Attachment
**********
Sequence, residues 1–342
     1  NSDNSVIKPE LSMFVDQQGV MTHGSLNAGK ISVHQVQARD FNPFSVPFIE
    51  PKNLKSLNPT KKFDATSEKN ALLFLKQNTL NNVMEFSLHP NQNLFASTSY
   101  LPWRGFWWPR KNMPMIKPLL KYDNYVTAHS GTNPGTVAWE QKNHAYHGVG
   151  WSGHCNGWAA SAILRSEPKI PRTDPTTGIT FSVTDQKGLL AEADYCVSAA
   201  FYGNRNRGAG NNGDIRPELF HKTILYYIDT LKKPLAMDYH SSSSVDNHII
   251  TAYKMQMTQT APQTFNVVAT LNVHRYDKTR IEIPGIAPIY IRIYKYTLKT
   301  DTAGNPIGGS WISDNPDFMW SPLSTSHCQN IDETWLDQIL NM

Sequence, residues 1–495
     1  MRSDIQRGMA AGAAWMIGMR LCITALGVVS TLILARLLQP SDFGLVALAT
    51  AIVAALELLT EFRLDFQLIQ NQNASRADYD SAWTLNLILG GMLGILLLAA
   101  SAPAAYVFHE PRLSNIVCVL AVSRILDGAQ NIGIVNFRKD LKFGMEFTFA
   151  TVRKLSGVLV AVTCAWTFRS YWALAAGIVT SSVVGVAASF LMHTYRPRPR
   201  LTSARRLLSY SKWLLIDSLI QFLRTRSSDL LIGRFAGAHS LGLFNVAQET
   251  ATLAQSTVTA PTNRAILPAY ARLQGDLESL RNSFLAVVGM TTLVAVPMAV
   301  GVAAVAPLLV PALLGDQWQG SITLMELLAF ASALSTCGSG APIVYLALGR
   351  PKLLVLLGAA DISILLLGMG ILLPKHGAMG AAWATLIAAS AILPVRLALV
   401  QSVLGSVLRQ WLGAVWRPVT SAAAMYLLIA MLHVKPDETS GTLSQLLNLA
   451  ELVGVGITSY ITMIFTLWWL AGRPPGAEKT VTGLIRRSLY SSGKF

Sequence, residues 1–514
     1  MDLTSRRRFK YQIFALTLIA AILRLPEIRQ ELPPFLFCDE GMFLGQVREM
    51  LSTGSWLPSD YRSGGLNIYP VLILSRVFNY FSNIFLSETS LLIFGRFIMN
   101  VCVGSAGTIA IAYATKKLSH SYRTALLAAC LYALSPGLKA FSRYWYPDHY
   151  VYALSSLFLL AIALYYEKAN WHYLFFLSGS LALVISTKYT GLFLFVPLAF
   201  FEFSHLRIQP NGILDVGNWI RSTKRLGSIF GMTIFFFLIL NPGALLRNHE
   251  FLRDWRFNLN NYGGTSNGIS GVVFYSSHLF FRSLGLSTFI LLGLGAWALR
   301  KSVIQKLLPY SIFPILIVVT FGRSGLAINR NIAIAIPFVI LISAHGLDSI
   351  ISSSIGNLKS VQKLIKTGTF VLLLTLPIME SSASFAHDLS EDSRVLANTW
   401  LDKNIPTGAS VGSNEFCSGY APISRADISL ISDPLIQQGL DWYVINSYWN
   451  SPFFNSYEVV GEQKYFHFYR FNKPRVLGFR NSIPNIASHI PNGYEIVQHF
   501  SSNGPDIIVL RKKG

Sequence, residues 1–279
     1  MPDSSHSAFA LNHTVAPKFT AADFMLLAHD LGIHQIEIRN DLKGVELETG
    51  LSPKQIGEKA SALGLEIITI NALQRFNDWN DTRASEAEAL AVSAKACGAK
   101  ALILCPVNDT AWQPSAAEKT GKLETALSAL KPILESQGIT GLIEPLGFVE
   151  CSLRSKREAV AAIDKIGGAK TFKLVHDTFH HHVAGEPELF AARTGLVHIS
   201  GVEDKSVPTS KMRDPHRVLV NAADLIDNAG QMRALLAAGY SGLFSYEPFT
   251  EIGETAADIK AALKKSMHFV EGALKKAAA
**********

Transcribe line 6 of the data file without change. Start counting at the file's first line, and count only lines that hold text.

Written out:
   201  FYGNRNRGAG NNGDIRPELF HKTILYYIDT LKKPLAMDYH SSSSVDNHII